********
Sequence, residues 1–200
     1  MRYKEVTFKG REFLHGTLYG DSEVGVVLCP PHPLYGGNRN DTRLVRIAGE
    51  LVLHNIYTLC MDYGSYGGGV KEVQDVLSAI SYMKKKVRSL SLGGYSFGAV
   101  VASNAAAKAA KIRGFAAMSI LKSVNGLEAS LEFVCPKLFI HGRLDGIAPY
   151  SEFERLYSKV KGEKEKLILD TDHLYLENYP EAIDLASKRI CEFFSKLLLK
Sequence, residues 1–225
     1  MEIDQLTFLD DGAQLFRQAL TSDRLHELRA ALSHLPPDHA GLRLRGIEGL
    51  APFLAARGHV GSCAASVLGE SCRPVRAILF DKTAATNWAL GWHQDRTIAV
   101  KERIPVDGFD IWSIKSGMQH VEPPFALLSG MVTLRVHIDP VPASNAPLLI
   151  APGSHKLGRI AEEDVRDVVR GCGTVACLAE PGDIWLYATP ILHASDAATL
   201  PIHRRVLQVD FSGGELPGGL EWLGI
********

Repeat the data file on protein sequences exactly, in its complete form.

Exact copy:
Sequence, residues 1–200
     1  MRYKEVTFKG REFLHGTLYG DSEVGVVLCP PHPLYGGNRN DTRLVRIAGE
    51  LVLHNIYTLC MDYGSYGGGV KEVQDVLSAI SYMKKKVRSL SLGGYSFGAV
   101  VASNAAAKAA KIRGFAAMSI LKSVNGLEAS LEFVCPKLFI HGRLDGIAPY
   151  SEFERLYSKV KGEKEKLILD TDHLYLENYP EAIDLASKRI CEFFSKLLLK
Sequence, residues 1–225
     1  MEIDQLTFLD DGAQLFRQAL TSDRLHELRA ALSHLPPDHA GLRLRGIEGL
    51  APFLAARGHV GSCAASVLGE SCRPVRAILF DKTAATNWAL GWHQDRTIAV
   101  KERIPVDGFD IWSIKSGMQH VEPPFALLSG MVTLRVHIDP VPASNAPLLI
   151  APGSHKLGRI AEEDVRDVVR GCGTVACLAE PGDIWLYATP ILHASDAATL
   201  PIHRRVLQVD FSGGELPGGL EWLGI